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Thursday Feb 06 2020
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Amid Balochistan's multifaceted challenges, a gloomy state of girls' education

A teacher displays a flash card to students during a class at a school in Pir Mashaikh village in Johi, a town located between Balochistan and Sindh, Pakistan, February 12, 2014. REUTERS/Akhtar Soomro/Files

QUETTA: It is no surprise that the state of education in Balochistan is collectively a cesspit of various, multifaceted challenges but the condition of women's education is even worse.

In its latest report for 2018, the Human Rights Watch (HRW) notes that literacy rate of Balochistan's women is comparatively lower than various other parts of Pakistan. Despite the literacy rate of women reportedly being 18 percent, the reality is that it's not more than two percent in numerous rural areas of the province.

Similarly, there are only 4,500 primary schools for girls as opposed to 10,000 for boys.

Of the total girls in Balochistan's schools, a whopping 42 percent only study till primary, 26 percent complete middle school, and only nine percent were able to finish matriculation. Further, 91 percent of the girls who start primary school and complete matriculation are unable to pursue college.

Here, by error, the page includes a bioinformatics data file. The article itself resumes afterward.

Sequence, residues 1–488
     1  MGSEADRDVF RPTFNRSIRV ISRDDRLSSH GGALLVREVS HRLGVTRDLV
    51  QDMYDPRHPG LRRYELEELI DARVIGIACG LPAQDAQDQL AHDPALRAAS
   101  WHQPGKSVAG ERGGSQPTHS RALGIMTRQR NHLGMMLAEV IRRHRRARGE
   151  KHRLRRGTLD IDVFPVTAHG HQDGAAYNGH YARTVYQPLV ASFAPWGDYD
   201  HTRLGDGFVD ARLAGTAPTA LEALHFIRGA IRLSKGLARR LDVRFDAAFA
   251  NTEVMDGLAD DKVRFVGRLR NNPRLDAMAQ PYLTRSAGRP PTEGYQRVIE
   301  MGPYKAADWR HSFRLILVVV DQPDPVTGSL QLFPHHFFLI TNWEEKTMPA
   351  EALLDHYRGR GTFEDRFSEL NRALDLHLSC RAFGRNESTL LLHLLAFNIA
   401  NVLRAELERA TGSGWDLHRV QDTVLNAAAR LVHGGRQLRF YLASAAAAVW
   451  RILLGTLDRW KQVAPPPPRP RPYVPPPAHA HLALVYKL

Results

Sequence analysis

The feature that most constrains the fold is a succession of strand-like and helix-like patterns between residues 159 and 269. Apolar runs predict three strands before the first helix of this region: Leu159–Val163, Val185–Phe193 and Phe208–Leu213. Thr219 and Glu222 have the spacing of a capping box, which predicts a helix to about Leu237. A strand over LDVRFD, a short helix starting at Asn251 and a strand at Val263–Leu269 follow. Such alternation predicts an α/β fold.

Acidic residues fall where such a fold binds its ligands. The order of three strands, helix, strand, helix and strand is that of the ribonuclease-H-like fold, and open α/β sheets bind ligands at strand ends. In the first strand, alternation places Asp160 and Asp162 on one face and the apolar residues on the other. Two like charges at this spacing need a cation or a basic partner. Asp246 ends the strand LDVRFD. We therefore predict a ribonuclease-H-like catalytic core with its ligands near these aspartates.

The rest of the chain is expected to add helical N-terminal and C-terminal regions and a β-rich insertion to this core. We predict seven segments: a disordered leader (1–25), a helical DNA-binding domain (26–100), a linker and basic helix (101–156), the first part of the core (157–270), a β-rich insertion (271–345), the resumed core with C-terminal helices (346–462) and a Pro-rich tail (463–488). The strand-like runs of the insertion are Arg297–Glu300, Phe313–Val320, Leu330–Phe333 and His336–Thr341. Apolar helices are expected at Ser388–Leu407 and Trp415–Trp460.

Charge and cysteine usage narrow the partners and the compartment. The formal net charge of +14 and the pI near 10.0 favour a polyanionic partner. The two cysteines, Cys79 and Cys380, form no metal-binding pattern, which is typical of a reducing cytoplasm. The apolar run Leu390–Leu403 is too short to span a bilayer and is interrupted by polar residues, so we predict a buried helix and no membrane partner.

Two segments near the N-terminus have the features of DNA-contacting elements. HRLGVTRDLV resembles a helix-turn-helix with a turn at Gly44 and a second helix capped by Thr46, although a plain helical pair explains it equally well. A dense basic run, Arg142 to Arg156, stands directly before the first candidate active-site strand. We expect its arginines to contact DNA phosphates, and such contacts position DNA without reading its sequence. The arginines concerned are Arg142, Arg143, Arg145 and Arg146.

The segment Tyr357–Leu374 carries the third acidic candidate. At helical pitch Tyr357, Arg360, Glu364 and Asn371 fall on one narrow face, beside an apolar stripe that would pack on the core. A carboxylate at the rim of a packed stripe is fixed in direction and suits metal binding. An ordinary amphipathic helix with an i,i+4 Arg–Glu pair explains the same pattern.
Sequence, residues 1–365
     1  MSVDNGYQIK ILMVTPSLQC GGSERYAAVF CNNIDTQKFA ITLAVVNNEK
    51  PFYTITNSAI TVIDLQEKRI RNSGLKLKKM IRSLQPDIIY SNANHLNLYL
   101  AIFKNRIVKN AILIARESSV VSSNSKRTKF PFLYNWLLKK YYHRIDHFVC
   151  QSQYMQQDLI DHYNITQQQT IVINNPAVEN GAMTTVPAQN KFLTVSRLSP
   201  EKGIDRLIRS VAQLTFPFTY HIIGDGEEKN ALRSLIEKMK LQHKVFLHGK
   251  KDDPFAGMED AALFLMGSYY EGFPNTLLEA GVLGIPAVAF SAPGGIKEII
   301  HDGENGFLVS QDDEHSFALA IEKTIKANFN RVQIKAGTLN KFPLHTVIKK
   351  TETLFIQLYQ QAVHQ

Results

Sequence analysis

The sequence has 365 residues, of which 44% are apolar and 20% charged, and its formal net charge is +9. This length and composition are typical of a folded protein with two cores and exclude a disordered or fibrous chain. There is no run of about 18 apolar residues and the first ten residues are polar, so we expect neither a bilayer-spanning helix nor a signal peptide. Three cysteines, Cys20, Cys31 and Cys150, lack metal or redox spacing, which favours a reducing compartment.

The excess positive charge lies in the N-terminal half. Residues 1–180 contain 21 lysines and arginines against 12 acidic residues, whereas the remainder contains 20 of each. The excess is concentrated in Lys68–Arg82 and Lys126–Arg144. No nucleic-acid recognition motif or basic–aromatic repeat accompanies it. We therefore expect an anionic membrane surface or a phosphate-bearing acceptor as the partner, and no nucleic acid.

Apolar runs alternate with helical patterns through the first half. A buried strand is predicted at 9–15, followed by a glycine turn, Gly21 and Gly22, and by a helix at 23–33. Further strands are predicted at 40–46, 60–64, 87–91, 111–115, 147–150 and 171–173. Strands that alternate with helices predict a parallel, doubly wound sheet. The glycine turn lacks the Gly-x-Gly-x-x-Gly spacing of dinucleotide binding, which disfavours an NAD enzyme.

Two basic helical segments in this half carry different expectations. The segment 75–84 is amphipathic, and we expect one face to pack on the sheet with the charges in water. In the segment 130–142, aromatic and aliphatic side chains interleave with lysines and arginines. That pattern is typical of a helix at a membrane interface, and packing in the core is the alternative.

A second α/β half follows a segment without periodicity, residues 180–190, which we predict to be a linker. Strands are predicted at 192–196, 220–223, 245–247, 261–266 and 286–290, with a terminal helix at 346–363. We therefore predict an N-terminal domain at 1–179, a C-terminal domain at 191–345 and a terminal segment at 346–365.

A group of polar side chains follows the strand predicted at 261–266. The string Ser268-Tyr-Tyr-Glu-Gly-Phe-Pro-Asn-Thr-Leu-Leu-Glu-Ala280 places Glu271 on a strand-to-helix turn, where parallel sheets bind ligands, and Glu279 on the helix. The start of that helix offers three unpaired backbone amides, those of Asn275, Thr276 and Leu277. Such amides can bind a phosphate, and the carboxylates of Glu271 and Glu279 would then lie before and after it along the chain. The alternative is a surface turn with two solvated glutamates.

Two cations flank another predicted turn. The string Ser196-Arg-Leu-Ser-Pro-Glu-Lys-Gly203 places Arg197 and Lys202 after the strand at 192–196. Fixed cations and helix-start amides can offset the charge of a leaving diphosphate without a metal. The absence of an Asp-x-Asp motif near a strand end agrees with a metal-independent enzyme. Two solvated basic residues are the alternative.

According to the managing director of the Society for Community Support for Primary Education, Balochistan (SCSPEB), Irfan Ahmed Awan, only 56 percent of the province's children have access to primary education; of that, 42 percent are girls, meaning that 58 percent girls were still out of school.

The proportion of girls reduces significantly as education progresses to higher levels, Awan adds.

Interestingly, it's not that the girls and women of Balochistan do not wish for education. Several educated women from the province are serving in Pakistan's different sectors.

However, there are several hindrances and impediments in the way of girls’ education; these include the spread of population over Balochistan's large area, poverty and destitution, a lower cultural status for women, a lack of resources, and several others.

Another major issue is that of geographical access to education — occurring mostly in rural areas, compared to larger cities, which, too, are few. Girls study till Class 5, after which many are forced to drop out as there are no middle schools in the vicinity, says the district education officer (DEO) for females in Quetta, Farzana Ahmedzai.

The dismal condition of girls’ education in Balochistan just goes on to indicate that neither the government or society consider it to be important nor is it a priority for the ruling elite and those who hold power.

Nonetheless, experts believe that educating girls and women is as important as it is for boys and men and, therefore, it was necessary to ensure a supportive environment.